Let’s be friends right here.
I’ve got a website and I’ve got a feed reader. That’s how I “publish to the world”. See, all Twitter and Facebook really are is a way to post and get a feed of all the things your friends are saying. But someone is selling your friends to you.
You can get a website for free. You can get a feed reader for free. Google Reader or Bloglines or net news wire – etc. There’s tons of feed readers out there.
I like google plus, and yup, I’m on google plus. It’s got the same privacy concepts as diaspora, but unfortunately centralized.
I’m on twitter and identi.ca. But they are just microblogs. Oh – they also have direct messages! That’s micro-email!
So just email me. Just get a WordPress or Blogger blog. And when you want to step up to your own website, I’ll help you set that up and import all your old posts in. It’s super easy. No one will sell your friends to you and someone else’s website going down won’t blow up yours.
If you are using a distributed version control system you get some really cool benefits and some really strange problems.
When I was toying around on a project with Aaron, I fell in love with ditz. We needed a quick way to keep track of bugs, without taking the time to set up a central bug repository. We wanted a bug tracker that could live in the same place as the code, where adding a friend to kick in on code didn’t require more accounts being set up and maintained.
Ditz did all of that, works straight from the command line, and even outputs some sweet html pages for display to the world.
Ditz is kind of abandonware right now as the original author has gone on to other things – but the state it is in right now is just perfect for my personal projects. If you are using it, I’ve added an RSS feed for the html output.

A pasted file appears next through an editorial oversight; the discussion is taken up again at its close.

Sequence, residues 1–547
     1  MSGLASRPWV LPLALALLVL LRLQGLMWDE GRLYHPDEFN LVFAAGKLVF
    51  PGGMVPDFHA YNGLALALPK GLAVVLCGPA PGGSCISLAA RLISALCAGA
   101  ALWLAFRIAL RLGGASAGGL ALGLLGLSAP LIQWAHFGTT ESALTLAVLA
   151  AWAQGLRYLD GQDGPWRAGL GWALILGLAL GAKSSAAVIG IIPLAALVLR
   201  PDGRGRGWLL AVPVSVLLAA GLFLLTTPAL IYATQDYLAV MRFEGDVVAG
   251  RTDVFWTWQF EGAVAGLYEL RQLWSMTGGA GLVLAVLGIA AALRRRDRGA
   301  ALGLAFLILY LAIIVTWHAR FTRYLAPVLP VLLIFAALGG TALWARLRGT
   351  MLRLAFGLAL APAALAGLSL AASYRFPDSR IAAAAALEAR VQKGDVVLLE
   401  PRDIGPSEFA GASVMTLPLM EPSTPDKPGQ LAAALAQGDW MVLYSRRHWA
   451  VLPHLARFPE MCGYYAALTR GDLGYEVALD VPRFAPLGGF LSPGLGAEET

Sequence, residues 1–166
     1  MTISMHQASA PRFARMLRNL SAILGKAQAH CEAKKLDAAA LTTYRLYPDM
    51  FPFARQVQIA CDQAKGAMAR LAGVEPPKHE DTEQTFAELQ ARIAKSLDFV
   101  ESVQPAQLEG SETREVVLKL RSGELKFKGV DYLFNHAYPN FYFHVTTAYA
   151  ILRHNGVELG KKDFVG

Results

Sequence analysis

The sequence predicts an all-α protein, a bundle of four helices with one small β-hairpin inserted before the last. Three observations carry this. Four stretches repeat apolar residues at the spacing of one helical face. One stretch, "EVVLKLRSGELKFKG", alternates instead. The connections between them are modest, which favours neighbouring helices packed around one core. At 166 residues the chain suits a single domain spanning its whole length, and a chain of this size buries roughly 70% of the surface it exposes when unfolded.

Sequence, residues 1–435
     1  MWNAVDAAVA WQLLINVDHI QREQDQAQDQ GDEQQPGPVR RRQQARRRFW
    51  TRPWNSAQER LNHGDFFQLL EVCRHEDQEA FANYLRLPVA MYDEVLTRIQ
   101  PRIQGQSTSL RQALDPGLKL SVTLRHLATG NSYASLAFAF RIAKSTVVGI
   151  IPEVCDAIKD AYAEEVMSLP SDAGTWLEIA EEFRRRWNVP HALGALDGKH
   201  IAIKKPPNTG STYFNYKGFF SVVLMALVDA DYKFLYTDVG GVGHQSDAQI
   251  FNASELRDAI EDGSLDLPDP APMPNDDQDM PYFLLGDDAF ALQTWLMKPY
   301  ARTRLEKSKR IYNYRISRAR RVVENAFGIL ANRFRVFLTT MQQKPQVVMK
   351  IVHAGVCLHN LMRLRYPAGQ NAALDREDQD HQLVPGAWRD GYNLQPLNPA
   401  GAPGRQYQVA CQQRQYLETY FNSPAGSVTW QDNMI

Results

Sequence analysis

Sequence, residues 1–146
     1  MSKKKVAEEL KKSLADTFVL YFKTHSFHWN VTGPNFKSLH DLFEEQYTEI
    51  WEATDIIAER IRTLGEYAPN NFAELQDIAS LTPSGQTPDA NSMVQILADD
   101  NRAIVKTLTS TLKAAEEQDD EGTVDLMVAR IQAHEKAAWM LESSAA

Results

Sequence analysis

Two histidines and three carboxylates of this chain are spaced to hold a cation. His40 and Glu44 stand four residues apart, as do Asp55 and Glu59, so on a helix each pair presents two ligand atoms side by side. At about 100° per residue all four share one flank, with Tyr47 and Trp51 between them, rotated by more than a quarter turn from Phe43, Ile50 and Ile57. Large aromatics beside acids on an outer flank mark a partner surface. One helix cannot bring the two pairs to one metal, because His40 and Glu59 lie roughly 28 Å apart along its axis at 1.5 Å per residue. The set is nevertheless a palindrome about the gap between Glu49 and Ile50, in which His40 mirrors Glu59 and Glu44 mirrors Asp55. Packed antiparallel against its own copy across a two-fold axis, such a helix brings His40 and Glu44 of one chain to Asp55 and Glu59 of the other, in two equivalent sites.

And the really good news? I just convinced the maintainer to make me a co-maintainer. So that means that I can integrate features! Once we get enough in for a new release, I’ll post an update right here!
- like git or darcs or mercurial, etc. (back)
The Miro open subtitles project just got funded at kickstarter.
The promise is an open source of subtitles for video. Now the subtitles won’t be restricted to the people who made the video. They are anticipating use for the hearing impaired and for translations. Why am I excited?
The project is also designed to make this decentralized, so that it can be implemented by other video players, and so that users can subscribe to multiple sites of subtitles. That’s the interesting bit!
I’m seeing subtitles as commentary, subtitles with contrasting dialogue, snarky notes about continuity issues and product placement, or political connections… Imagine the amazing ShiftSpace web experience , or Google’s Sidewiki, but for video.
It’s just cream that the project was funded by tiny donations from lots of strangers .
- I know Mushon through Eyebeam and Add-Art (back)
- I’m one of them (back)